Nationalist sentiment on display

A thoughtful, articulate Op Ed piece in the NY Times advocates for the secession and independence of Catalonia, one of Spain’s wealthier regions and a net contributor of funds that support Spain’s poorer regions.The article points out that Catalonia has a rational foundation for independence, namely a distinct culture and language. However, it is unlikely that secession would have the same degree of popular appeal if the economy were thriving.

Is independence of this small region even feasible? From Catalonia’s perspective, it would be. The author points out that, with more than 7.5 million people, Catalonia is larger than 12 other existing EU members, including Ireland and Denmark.

From Spain’s standpoint, an independent Catalonia would be catastrophic. The loss of revenues would threaten a fiscal situation that arguably is already untenable.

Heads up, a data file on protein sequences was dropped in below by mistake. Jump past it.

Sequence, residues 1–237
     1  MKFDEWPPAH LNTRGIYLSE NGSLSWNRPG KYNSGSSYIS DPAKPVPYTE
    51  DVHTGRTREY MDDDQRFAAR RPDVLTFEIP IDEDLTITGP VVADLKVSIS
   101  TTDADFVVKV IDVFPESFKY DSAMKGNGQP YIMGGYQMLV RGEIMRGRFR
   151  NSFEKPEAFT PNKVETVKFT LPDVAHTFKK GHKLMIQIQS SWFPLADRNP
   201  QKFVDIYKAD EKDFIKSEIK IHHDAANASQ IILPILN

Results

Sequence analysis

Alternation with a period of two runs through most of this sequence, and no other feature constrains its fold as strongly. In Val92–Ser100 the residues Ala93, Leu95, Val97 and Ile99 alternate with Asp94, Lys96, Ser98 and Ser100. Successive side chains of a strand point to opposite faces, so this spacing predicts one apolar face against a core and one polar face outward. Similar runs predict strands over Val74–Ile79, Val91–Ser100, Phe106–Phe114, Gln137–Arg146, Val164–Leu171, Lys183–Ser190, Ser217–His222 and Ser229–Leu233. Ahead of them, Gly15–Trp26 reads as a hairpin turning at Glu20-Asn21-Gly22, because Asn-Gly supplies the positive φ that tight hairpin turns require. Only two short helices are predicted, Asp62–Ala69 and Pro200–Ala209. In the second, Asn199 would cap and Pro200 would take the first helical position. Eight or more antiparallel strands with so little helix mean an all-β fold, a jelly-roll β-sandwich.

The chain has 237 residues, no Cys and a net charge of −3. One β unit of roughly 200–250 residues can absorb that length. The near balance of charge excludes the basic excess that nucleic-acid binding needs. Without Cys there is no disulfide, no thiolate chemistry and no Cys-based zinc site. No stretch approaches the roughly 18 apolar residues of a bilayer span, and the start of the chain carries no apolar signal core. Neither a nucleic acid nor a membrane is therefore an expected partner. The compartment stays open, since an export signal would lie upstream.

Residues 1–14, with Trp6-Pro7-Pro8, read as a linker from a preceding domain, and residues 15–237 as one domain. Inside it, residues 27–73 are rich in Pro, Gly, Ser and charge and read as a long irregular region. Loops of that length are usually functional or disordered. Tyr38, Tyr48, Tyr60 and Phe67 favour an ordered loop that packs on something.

Separatist sentiment is nothing new (current and recent historical examples include Quebec, Basque region, Northern Ireland, Scotland, and Bosnia – though reasons for each of these may be different, especially when ethnicity is the driving factor). Currently, economic duress is eliciting new calls for independence. Some people want to be free of their perceived oppressors. SomeĀ  people want to be rid of those whom they see as corrupt freeloaders. There are groups in Greece who think they would be better off leaving the EU, and there are parties in Germany who similarly would like to see Greece exit the Euro. There appears to be a growing number of individuals in Spain, Italy, Cyprus, the Netherlands, Denmark, Ireland, and likely throughout Europe who each believe they (or others) would be better off untethered to the EU.

Nationalist sentiment has the potential to be a dangerous thing. It can be a precursor to hatred and violence. In Europe, it also has the potential to be a source of further economic problems. Hopefully people (and nations) will play together nicely. There’s a lot at stake.

Source: NY Times: Spanish Prisoners

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